About 2/3 of a painted bowl with handles (Figs. 16a–b) could be reconstructed from the numerous fragments in locus 3158. The vessel has a diameter of 22.8 cm and a wall thickness of 0.3 cm. The profile of the bowl (Fig. 16a) is slightly rounded and is topped with an inset vertical rim. The slightly concave handle is joined to the vessel just above the bend between the wall and rim and at the sharp edge. Given the large diameter of the vessel it seems probable that it had two such handles. A bowl similar in form but someewhat smaller is in a private German collection Schmitt-Korte 1976: 42. 44. Fig. 20.27. . So the closest parallel to our vessel does have two handles.
The most striking feature of the painting are the two concentrically arranged rows of zoomorphic figures (Fig. 16b). One can assume that the centre of the vessel was painted with a similar creature whose extremities are preseved. These zoomorpic creations are characterised by a long oval body which is sometimes completed with one or two projections. The extremities are attached along the length of the body and sometimes end in a dot. The zoomorphic decoration of this bowl is complimented by rows of dots and eyes. The border between the wall and the rim is decorated with an irregular grid pattern A similar grid pattern over the transition from wall to rim occurs on one of the handleless bowls from EZ I: see Schmid 1995: E 18a 379. . The inside of the rim is decorated with blob like drops. A fragmentary unstratified find from Horsfields excavation has similar drops around the edge Horsfield 1942: 179 Fig. 39, 342. . It is also painted with concentrically arranged rows of dots. The rim profile with a bend and handle is also similar to that of the bowl in room 15. The ornamental decorational elements of the bowl found in room 15 and the brownish tone of the paint are typical for the group of bowls belonging to decor phase 3a (20–70 AD) Petra- Ez Zantur I, 166. 168 table 5,2 fig. 699. .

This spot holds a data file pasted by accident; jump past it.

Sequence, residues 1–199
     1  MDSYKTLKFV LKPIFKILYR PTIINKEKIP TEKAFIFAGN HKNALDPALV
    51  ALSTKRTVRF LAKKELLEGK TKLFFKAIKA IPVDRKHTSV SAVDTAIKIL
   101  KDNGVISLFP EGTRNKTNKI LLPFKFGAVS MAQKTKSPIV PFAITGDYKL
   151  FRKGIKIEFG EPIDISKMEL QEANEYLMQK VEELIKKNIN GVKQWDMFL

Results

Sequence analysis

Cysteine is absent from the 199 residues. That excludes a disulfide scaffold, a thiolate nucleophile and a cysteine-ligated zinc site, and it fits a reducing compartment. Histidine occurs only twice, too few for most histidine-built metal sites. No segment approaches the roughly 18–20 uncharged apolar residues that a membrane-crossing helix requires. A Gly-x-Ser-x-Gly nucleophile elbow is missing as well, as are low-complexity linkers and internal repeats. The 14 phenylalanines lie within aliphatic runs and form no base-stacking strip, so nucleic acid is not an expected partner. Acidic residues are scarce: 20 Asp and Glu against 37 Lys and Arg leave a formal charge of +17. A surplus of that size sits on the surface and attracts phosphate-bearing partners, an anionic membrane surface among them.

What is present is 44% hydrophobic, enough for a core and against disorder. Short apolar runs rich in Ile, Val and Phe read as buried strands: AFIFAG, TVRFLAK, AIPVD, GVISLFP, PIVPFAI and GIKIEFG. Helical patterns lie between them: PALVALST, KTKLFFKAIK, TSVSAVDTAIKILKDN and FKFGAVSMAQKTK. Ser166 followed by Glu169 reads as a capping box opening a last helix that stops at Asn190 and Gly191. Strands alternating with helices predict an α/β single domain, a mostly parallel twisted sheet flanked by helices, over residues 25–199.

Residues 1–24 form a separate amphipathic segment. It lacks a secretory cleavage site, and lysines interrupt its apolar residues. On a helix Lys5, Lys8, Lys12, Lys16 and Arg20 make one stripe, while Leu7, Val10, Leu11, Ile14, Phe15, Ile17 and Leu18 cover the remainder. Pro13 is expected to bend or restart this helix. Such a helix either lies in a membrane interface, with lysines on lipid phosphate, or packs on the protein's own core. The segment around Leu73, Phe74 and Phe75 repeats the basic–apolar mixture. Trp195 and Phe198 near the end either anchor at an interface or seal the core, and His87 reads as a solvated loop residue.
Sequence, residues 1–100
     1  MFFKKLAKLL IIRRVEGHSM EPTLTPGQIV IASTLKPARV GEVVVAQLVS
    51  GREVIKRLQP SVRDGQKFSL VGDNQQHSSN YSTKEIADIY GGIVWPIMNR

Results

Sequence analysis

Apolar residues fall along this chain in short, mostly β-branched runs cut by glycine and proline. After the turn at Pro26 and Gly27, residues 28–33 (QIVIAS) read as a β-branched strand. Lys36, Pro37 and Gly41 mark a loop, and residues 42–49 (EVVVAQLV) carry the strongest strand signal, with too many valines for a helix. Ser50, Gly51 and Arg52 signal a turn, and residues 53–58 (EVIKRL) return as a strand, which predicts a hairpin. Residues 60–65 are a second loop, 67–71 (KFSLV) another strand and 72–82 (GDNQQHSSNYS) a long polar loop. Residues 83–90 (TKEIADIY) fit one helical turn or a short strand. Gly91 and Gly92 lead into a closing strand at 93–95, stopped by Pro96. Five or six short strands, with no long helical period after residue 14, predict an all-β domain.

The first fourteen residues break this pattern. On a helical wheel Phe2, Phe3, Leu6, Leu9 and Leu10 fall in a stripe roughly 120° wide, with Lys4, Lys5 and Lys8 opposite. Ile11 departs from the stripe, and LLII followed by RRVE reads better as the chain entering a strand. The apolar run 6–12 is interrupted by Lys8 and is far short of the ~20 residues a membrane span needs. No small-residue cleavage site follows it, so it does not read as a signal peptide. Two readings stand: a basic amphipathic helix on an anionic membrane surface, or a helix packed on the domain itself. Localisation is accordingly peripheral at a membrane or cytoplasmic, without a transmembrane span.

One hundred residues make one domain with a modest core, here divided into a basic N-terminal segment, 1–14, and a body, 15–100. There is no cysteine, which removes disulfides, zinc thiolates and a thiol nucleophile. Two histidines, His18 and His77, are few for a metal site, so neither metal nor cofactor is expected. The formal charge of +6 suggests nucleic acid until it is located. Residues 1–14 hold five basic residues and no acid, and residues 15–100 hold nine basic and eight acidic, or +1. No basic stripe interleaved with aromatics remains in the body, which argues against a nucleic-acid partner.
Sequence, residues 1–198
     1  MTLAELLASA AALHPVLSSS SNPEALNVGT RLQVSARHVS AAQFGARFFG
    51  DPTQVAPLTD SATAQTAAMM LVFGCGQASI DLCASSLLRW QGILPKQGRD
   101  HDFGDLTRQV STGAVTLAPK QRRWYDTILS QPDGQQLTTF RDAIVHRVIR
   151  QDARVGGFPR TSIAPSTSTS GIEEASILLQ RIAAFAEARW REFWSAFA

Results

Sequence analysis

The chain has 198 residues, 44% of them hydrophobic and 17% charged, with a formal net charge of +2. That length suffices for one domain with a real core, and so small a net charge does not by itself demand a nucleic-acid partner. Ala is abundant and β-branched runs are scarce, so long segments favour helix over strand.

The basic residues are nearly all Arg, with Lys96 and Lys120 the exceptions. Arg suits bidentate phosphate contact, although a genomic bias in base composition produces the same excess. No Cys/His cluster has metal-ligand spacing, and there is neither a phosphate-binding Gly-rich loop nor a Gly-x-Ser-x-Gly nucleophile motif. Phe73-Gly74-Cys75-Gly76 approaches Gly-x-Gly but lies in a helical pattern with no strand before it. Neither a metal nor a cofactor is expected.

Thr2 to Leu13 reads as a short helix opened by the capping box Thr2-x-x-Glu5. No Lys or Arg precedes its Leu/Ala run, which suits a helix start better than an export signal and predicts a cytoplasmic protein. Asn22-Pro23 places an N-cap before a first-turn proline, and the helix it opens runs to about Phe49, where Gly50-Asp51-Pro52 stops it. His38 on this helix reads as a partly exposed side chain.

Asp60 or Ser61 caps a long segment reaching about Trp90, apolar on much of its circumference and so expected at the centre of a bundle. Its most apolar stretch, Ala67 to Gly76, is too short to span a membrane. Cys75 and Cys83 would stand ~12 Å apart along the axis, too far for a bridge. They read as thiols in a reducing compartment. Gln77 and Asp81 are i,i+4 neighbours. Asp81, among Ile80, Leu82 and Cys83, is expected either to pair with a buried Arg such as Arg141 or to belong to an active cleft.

Zoomorphic portrayals are rare on the painted ware from ez Zantur Schmid 1995: 170. . That they do occur on phase 3a ware is however known from finds from other places. The closest parallel is from N. Khairy’s excavation on el-Khatute and is now in the museum in Petra Khairy 1990: 39 No. 9 Fig. 42,9 tab. 23,8. . The handleless bowl is decorated with grid patterns, and rows of dots and eyes enclosed by a row of drops along the rim, in addition to the concentrically arranged zoomorphic creations and is thus very close to the bowl from EZ IV 4. The bowl in the private German collection mentioned before Schmitt-Korte 1980: 184 No. 35. has two zoomorphic repressentations set in an asymmetric decorative field. That these representations can reach sizeable dimensions is shown by the fragment of a bowl from a pottery workshop in Oboda Negev 1974: 18 no.32 table 11, 32. . A. Negev dates the installation in Oboda, on the basis of the coin finds, to 30 BC – 50 AD Negev 1974: 45. . Our fragment can therefore be said to also date from this period and this substantiates its attribution to decor phase 3a (20–70 AD).
Schweizerisch-Liechtensteinische Ausgrabungen in Petra der Universität Basel